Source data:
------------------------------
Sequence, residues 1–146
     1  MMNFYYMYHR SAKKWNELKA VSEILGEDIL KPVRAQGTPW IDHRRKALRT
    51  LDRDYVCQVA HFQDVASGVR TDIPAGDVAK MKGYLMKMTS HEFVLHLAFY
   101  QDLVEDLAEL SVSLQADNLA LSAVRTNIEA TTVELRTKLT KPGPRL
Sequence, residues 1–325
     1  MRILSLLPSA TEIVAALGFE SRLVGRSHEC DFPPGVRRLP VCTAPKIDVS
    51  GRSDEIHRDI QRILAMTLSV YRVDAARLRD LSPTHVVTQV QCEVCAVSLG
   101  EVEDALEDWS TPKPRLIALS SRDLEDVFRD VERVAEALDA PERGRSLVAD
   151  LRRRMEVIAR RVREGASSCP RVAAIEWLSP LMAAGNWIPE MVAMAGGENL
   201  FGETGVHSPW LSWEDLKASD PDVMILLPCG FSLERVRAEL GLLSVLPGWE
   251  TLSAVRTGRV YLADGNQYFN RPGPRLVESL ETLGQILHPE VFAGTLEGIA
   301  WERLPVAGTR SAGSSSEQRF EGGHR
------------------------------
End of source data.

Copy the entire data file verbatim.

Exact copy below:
Sequence, residues 1–146
     1  MMNFYYMYHR SAKKWNELKA VSEILGEDIL KPVRAQGTPW IDHRRKALRT
    51  LDRDYVCQVA HFQDVASGVR TDIPAGDVAK MKGYLMKMTS HEFVLHLAFY
   101  QDLVEDLAEL SVSLQADNLA LSAVRTNIEA TTVELRTKLT KPGPRL
Sequence, residues 1–325
     1  MRILSLLPSA TEIVAALGFE SRLVGRSHEC DFPPGVRRLP VCTAPKIDVS
    51  GRSDEIHRDI QRILAMTLSV YRVDAARLRD LSPTHVVTQV QCEVCAVSLG
   101  EVEDALEDWS TPKPRLIALS SRDLEDVFRD VERVAEALDA PERGRSLVAD
   151  LRRRMEVIAR RVREGASSCP RVAAIEWLSP LMAAGNWIPE MVAMAGGENL
   201  FGETGVHSPW LSWEDLKASD PDVMILLPCG FSLERVRAEL GLLSVLPGWE
   251  TLSAVRTGRV YLADGNQYFN RPGPRLVESL ETLGQILHPE VFAGTLEGIA
   301  WERLPVAGTR SAGSSSEQRF EGGHR